Top Line: Shockingly, the Conservative Party actually has a climate plan. Perhaps less shockingly, it reads like it was written by oil and gas lobbyists.
Listening to the science
The Conservative climate plan doesn’t include any specific targets or goals for emissions reductions in Canada and relies on pledges and promises to use innovation and technology to address the problem. While capping emissions for big polluters is a good idea, the Conservative plan doesn’t actually cap them. It puts a small fine on major polluters who exceed caps that are likely to be set far too high to begin with.
A scientific assessment of the Conservative plan found that it would miss Canada’s climate targets by even more than the Liberal plan, and their plan includes a coast to coast pipeline expansion that would ensure we miss our climate targets.
Creating millions of good jobs
The Conservative climate plan doesn’t account for any kind of serious job creation or just transition in addressing the climate emergency. At most, their promise to invest in technology could create jobs, but it’s likely that much of this investment would go to the fossil fuel industry, helping to expand fossil fuel production, making more workers, families and communities dependent on a wild boom and bust cycle as the world transitions away from oil, coal and gas.
Dignity, justice & equity for all
The Conservative climate platform doesn’t make any promises around issues related to dignity, justice or equity. And, whether it’s Andrew Scheer’s refusal to apologize for his past comments on same sex marriage, his party’s shift to the extreme right by demonizing migrants and refugees, or the federal and provincial Conservatives’ long record of attacking public sector funding once in power, it’s pretty clear this isn’t a priority for the Conservative Party of Canada.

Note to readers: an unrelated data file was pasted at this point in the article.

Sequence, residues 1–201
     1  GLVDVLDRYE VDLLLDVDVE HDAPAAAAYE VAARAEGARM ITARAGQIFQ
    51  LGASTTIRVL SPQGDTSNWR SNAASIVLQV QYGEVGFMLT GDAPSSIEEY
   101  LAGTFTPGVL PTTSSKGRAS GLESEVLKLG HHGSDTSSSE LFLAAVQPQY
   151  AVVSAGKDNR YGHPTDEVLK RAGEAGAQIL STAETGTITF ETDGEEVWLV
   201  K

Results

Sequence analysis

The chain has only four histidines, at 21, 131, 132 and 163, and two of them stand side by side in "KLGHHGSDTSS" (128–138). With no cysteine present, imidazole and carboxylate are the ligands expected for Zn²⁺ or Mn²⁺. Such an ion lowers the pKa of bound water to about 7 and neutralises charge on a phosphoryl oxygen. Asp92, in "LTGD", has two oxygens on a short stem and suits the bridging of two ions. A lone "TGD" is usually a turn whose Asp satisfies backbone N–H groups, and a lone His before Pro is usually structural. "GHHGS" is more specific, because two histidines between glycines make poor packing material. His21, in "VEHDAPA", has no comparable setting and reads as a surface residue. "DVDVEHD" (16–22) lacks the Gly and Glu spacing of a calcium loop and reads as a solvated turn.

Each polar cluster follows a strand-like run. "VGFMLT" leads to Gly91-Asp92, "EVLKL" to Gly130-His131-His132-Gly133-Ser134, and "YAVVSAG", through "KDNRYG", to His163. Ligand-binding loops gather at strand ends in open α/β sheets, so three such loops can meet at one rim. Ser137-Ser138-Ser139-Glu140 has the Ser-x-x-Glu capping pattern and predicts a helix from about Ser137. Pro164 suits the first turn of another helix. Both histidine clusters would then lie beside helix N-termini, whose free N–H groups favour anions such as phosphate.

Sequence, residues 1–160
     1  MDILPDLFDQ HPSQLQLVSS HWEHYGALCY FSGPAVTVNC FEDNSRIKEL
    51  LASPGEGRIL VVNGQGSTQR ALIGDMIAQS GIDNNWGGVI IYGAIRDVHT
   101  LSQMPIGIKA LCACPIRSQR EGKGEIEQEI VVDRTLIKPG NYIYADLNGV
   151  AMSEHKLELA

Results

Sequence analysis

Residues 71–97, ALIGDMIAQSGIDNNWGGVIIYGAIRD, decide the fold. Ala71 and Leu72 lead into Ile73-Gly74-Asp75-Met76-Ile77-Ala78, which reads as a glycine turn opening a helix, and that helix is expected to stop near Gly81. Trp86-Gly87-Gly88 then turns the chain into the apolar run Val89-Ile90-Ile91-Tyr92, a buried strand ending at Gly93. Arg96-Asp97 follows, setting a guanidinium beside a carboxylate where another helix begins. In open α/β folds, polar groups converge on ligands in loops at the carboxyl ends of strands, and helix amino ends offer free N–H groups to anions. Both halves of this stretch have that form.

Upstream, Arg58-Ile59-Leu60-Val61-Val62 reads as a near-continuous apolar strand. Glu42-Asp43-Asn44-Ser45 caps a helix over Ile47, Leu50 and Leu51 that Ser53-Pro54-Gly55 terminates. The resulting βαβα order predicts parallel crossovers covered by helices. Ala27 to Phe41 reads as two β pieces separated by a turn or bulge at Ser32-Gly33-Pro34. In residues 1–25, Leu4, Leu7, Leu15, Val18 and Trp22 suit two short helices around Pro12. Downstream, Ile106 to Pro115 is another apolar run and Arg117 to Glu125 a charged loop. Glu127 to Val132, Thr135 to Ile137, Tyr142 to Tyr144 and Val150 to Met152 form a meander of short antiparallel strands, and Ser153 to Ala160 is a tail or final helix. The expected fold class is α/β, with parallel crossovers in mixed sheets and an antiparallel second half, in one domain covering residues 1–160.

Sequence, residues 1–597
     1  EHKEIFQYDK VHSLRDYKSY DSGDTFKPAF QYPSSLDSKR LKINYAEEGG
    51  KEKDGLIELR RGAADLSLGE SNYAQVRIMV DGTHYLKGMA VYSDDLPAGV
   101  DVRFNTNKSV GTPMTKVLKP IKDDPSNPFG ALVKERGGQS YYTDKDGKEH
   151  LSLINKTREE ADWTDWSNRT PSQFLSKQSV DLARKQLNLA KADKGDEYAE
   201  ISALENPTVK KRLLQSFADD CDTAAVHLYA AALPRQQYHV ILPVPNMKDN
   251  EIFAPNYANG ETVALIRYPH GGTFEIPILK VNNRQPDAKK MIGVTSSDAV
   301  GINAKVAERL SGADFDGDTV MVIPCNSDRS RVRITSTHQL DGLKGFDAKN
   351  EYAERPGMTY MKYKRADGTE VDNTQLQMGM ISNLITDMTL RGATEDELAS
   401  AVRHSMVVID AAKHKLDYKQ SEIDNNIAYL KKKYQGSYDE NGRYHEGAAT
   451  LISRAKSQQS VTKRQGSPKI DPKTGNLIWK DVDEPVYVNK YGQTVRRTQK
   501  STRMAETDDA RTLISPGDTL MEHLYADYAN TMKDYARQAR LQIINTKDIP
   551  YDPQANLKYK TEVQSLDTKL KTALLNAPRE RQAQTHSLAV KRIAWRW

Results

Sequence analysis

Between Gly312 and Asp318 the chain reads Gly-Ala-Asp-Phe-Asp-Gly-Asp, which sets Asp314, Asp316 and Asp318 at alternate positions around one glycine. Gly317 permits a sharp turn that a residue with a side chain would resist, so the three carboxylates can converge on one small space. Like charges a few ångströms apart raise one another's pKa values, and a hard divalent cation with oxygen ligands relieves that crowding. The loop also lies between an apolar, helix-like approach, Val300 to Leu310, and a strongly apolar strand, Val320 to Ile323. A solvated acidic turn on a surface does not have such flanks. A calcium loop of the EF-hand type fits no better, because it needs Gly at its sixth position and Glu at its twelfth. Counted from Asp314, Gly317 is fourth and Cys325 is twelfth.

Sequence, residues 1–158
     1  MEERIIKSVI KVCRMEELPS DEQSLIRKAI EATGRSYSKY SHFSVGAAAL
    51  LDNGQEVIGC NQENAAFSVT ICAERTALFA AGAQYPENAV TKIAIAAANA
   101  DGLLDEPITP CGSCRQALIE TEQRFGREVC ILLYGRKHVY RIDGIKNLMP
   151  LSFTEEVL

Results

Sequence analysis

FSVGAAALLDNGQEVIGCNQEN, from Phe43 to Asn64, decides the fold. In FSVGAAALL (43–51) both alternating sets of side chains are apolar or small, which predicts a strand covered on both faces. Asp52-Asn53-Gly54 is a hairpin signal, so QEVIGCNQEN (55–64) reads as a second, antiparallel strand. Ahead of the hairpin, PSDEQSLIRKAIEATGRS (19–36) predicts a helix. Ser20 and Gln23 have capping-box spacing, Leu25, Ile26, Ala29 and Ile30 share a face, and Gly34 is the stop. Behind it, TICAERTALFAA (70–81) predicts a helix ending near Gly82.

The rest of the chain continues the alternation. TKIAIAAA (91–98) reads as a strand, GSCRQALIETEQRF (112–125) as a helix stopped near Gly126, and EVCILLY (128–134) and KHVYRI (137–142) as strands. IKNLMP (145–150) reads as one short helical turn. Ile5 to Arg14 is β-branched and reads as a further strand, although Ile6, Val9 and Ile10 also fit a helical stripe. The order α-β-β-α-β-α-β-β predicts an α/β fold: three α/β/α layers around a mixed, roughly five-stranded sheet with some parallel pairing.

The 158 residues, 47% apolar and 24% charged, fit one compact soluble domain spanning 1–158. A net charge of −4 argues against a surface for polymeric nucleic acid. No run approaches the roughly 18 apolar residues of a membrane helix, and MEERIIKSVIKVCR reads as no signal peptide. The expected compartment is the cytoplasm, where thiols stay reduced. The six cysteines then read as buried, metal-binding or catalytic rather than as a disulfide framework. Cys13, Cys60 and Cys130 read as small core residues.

Respecting Indigenous rights & sovereignty
The Conservative Party hasn’t made any specific policy proposals related to Indigenous rights or sovereignty, but in the last sitting of the House of Commons, they were the only party to vote against Bill 262 to write UNDRIP into Canadian law. Conservative Senators also played a crucial role in delaying action on the Bill in the senate, and eventually killing the legislation.
Conservatives also opposed Canada becoming a signatory to UNDRIP and under the last federal Conservative government, the Idle No More movement rose up to challenge that government’s attacks on Indigenous rights.
This post is part of a 4-part series that looks at how party platforms stack up against a Green New Deal. To see our four pillars of a Green New Deal and analysis of party platforms, click here.